Depending on your business model, you can count any of the following as a conversion:

  • Purchase 
  • Account registration 
  • Free trial request 
  • Contact form submission 
  • Online reservation 
  • Demo call request 
  • Newsletter subscription

So your first task is to create a set of conversion objectives for your business and add them as Goals or Conversions in your web analytics solution. Then brainstorm how various touchpoints contribute to these objectives. 

Web analytics tools with marketing attribution, like Matomo, allow you to obtain an extra dimension of data on touchpoints via Tracked Events. Using Event Tracking, you can analyse how many people started doing a desired action (e.g., typing details into the form) but never completed the task. This way you can quickly identify “leaking” touchpoints in your funnel and fix them. 

2. Select an Attribution Model 

Marketing models have inherent tradeoffs. Linear attribution model doesn’t always represent the role and importance of each channel. Position-based attribution model emphasises the role of the last and first channel while diminishing the importance of assisted conversions. Time-decay model, on the contrary, downplays the role awareness-related campaigns played.

To select the right attribution model for your business consider your objectives. Is it more important for you to understand your best top of funnel channels to optimise customer acquisition costs (CAC)? Or would you rather maximise your on-site conversion rates? 

Your industry and the average cycle length should also guide your choice. Position-based models can work best for eCommerce and SaaS businesses where both CAC and on-site conversion rates play an important role. Manufacturing companies or educational services providers, on the contrary, will benefit more from a time-decay model as it better represents the lengthy sales cycles.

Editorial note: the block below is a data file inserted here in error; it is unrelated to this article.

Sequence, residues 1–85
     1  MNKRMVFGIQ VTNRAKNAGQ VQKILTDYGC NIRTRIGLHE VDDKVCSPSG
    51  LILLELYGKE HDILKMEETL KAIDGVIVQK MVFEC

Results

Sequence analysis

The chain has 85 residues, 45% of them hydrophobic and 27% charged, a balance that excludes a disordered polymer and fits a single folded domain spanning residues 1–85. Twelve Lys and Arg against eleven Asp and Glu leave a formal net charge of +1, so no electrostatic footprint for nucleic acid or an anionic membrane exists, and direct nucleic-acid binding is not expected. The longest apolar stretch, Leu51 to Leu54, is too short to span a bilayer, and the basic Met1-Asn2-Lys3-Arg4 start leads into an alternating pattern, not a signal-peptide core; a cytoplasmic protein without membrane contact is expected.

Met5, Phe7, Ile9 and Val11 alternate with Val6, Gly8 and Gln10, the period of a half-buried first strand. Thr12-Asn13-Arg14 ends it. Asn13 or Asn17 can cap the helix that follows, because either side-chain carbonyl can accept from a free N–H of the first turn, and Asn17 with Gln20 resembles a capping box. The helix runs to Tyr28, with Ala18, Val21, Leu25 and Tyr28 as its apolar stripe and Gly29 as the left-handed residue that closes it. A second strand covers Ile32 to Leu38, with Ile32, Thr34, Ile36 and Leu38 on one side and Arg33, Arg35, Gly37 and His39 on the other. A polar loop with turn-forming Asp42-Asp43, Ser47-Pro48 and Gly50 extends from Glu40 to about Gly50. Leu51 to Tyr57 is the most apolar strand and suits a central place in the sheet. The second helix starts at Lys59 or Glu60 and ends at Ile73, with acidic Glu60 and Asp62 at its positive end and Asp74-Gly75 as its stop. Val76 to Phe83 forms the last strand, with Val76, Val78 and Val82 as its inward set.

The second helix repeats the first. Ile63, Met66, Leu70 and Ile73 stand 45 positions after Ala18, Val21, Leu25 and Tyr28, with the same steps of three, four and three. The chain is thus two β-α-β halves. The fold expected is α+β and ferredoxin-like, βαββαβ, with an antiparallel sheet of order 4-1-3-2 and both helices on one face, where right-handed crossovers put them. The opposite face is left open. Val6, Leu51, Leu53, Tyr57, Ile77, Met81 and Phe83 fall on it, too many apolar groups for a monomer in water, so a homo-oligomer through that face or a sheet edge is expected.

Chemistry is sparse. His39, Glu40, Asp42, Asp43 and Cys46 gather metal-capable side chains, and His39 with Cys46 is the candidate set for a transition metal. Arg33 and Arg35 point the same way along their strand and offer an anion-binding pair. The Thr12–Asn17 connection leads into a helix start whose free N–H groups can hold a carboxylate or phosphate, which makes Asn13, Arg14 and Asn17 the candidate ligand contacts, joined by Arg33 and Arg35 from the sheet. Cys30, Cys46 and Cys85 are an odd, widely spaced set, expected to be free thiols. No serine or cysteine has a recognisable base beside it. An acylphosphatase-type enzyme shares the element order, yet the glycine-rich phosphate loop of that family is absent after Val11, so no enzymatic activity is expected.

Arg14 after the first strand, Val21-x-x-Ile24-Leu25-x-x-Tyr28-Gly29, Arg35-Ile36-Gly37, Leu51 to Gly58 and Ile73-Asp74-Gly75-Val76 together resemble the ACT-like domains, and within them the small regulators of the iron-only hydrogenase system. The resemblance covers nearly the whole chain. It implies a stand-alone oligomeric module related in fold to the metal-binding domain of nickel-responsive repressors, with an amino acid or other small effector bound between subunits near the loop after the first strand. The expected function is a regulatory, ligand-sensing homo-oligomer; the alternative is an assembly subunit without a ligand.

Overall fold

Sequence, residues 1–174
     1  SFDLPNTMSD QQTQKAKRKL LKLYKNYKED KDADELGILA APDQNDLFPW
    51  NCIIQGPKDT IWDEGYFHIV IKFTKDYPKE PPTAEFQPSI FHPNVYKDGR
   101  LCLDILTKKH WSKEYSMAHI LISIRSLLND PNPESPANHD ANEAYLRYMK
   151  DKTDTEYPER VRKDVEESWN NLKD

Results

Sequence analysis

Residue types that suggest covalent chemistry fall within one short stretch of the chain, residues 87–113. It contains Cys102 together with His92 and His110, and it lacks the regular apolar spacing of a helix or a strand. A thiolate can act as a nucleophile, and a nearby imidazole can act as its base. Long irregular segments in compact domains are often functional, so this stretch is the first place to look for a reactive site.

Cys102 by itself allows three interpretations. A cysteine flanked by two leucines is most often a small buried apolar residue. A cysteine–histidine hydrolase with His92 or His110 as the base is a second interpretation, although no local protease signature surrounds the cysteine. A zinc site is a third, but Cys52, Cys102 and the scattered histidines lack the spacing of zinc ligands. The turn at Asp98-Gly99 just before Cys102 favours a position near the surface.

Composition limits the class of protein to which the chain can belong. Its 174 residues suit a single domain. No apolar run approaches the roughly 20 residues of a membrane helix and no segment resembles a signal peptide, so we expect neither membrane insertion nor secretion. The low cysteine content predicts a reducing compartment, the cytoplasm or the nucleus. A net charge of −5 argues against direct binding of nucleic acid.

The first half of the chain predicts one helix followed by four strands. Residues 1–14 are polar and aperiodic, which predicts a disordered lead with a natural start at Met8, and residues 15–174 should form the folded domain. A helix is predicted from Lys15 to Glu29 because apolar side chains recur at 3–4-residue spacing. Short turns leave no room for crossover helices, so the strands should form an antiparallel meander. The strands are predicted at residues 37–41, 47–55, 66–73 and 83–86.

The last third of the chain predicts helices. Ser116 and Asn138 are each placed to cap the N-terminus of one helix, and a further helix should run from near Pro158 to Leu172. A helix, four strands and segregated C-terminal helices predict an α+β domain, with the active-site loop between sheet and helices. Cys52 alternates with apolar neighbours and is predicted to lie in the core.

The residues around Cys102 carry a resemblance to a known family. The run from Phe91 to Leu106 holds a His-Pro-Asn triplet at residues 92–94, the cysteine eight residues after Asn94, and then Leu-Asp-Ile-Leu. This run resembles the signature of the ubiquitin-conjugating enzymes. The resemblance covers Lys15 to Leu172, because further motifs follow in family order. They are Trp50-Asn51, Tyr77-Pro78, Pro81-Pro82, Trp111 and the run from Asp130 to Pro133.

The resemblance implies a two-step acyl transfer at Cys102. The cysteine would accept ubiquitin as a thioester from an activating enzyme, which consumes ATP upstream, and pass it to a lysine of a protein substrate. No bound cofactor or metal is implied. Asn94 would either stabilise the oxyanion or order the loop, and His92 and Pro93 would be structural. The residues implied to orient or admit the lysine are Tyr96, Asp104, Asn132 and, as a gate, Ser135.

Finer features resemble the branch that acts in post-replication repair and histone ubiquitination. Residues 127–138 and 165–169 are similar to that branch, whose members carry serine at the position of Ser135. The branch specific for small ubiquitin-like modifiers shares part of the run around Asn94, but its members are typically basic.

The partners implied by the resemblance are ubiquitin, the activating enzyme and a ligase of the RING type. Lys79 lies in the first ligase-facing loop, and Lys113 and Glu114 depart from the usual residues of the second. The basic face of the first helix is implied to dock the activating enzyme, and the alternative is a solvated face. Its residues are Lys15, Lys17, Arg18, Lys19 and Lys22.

3. Collect and Organise Data From All Touchpoints 

Marketing attribution models are based on available funnel data. So to get started, you will need to determine which data sources you have and how to best leverage them for attribution modelling. 

Types of data you should collect: 

  • General web analytics data: Insights on visitors’ on-site actions — visited pages, clicked links, form submissions and more.
  • Goals (Conversions):  Reports on successful conversions across different types of assets. 
  • Behavioural user data: Some tools also offer advanced features such as heatmaps, session recording and A/B tests. These too provide ample data into user behaviours, which you can use to map and optimise various touchpoints.

You can also implement extra tracking, for instance for contact form submissions, live chat contacts or email marketing campaigns to identify repeat users in your system. Just remember to stay on the good side of data protection laws and respect your visitors’ privacy. 

Separately, you can obtain top-of-the-funnel data by analysing referral traffic sources (channel, campaign type, used keyword, etc). A Tag Manager comes in handy as it allows you to zoom in on particular assets (e.g., a newsletter, an affiliate, a social campaign, etc). 

Combined, these data points can be parsed by an app, supporting marketing attribution (or a custom algorithm) and reported back to you as specific findings. 

Sounds easy, right? Well, the devil is in the details. Getting ample, accurate data for marketing attribution modelling isn’t easy. 

Marketing analytics has an accuracy problem, mainly for two reasons:

  • Cookie consent banner rejection 
  • Data sampling application

Please note that we are not able to provide legal advice, so it’s important that you consult with your own DPO to ensure compliance with all relevant laws and regulations.